A Turbo Drive for the Global Reduction of Energy-Related CO 2 Emissions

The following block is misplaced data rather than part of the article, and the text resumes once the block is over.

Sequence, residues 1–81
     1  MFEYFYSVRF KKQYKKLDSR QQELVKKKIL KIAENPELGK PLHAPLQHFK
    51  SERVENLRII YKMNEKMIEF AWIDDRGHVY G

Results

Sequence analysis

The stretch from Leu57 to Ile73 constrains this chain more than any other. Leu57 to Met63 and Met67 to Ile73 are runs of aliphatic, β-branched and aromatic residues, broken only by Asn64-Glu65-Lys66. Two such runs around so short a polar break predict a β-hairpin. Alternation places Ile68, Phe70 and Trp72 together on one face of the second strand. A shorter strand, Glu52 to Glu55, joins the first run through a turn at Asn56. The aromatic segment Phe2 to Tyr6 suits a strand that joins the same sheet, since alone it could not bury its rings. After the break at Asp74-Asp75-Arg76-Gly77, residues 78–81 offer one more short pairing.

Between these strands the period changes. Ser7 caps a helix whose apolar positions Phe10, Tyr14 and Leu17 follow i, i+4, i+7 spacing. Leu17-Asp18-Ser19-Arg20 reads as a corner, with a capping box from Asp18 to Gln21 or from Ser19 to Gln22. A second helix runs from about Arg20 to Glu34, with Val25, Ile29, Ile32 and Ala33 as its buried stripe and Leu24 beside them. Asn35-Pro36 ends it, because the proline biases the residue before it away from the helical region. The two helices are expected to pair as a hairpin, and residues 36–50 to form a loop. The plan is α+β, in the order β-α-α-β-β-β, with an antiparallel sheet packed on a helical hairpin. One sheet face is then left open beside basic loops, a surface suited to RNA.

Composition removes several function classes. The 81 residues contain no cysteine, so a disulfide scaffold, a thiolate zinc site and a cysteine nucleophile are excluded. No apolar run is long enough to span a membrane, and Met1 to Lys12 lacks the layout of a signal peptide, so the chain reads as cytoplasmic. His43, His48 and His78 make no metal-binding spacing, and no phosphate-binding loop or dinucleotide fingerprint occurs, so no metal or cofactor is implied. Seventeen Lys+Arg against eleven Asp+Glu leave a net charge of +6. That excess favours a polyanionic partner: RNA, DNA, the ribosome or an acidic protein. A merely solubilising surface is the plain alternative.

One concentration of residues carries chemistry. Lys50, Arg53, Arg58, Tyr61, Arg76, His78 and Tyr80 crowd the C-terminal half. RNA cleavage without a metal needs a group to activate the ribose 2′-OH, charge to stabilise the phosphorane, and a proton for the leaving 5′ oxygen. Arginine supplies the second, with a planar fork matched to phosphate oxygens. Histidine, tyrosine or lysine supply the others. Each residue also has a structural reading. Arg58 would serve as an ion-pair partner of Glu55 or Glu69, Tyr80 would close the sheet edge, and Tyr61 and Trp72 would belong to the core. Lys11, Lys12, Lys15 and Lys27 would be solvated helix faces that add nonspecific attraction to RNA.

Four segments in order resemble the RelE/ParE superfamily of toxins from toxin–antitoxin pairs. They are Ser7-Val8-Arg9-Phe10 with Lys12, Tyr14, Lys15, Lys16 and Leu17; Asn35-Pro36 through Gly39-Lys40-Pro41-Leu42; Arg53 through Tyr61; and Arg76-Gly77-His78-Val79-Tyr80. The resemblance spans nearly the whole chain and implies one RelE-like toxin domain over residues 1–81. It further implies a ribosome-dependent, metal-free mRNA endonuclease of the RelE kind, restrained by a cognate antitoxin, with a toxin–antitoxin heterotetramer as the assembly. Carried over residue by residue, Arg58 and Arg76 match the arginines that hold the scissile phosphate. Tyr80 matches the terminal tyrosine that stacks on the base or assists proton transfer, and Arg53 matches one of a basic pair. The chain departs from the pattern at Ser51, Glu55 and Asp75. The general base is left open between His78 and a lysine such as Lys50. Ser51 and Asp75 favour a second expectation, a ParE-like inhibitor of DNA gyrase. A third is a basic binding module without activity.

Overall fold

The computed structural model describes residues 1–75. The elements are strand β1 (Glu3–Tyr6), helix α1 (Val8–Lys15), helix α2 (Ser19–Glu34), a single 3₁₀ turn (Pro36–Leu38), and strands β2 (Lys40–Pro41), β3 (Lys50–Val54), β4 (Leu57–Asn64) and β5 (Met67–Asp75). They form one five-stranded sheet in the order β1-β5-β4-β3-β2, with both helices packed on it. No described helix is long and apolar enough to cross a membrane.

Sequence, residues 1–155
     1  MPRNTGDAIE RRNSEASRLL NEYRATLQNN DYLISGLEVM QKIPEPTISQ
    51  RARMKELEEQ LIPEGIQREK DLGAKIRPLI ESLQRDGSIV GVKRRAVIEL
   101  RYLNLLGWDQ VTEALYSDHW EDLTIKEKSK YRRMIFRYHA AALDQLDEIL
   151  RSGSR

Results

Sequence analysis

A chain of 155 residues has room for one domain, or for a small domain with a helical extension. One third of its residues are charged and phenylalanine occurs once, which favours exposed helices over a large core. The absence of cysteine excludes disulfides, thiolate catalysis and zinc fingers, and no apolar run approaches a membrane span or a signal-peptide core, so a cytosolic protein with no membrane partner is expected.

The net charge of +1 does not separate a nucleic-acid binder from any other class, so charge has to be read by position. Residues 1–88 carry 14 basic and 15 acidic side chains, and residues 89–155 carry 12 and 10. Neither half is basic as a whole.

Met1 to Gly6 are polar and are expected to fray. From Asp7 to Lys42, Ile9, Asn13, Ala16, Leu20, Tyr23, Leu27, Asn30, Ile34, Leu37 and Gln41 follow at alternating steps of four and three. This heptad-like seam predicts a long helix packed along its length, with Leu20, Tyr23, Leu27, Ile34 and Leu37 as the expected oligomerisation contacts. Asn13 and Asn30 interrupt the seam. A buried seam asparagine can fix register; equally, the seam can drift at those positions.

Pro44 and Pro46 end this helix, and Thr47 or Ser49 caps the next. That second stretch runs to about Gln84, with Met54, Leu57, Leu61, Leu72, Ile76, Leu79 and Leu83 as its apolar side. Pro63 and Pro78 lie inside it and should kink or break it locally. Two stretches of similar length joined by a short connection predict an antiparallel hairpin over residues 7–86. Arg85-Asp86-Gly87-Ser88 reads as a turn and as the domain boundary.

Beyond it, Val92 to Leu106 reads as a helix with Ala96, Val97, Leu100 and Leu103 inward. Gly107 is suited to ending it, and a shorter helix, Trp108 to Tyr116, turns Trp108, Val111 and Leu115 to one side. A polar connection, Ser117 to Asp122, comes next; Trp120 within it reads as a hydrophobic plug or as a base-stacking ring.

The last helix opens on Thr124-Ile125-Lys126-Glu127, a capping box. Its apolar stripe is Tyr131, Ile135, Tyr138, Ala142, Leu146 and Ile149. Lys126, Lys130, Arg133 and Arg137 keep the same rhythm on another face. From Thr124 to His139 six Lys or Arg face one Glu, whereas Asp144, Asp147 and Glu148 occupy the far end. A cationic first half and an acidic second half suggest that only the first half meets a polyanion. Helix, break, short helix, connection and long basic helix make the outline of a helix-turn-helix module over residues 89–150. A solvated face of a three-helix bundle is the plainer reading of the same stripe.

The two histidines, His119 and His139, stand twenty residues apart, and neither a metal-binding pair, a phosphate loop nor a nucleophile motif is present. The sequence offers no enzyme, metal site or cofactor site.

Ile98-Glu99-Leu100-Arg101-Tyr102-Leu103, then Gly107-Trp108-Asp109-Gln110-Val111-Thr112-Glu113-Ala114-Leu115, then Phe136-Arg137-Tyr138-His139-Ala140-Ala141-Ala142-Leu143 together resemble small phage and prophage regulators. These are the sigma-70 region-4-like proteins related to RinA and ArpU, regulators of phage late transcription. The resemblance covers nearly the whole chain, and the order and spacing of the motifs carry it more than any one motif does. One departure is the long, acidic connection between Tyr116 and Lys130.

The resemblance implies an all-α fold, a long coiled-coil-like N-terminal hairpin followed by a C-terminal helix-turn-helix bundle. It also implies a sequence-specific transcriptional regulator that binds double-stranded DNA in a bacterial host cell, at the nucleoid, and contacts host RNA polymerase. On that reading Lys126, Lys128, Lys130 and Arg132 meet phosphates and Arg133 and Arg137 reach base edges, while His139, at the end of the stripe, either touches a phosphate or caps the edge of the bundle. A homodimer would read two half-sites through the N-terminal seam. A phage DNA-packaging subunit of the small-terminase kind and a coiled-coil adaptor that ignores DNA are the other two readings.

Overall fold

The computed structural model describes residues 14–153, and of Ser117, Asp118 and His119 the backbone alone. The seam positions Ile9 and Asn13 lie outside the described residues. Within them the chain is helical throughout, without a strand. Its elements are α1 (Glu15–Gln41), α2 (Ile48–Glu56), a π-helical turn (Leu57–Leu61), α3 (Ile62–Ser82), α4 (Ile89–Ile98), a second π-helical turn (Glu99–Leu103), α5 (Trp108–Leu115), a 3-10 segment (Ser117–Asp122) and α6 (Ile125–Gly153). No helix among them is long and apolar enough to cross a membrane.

The Copenhagen Accord performed a seizure in the COP ungainly crawl. The Accord’s urgent combat against climate change and deep cuts in emissions require a policy reversal, ending the zero sum games on pledged caps, creating clarity on immediate marching directions and eliciting worldwide action by today’s operational institutes at all levels. For reducing energy-related CO 2 emissions, all turbo drive components are available. First the global 2 °C ceiling needs translation into, by country, marching directions and indicative future paths of their national average CO 2 emissions per person. The latter intensity indicator is the product of three driving intensities: wealth per person, energy used for wealth production, and CO 2 emissions of energy use, all observed annually for virtually all countries in the world. Second, parties should commit to nearby year improvements on the three driving intensities. Third, transfers from rich to poor countries depend on ability to pay and on ability to spend, and on countries’ mitigation progress. The approach dissolves main barriers to mitigation progress, like: outdated emissions baselines; illusory global instruments; bureaucratic MRV (monitoring, reporting and verification) concepts; blocked graduation of parties; unclear transfer mechanisms. In revamping the jammed COP rituals, UNFCCC now leaves operations to established global institutes and mainly to the parties acting in common resolve, stimulated and verified by a lightweight, transparent global framework.
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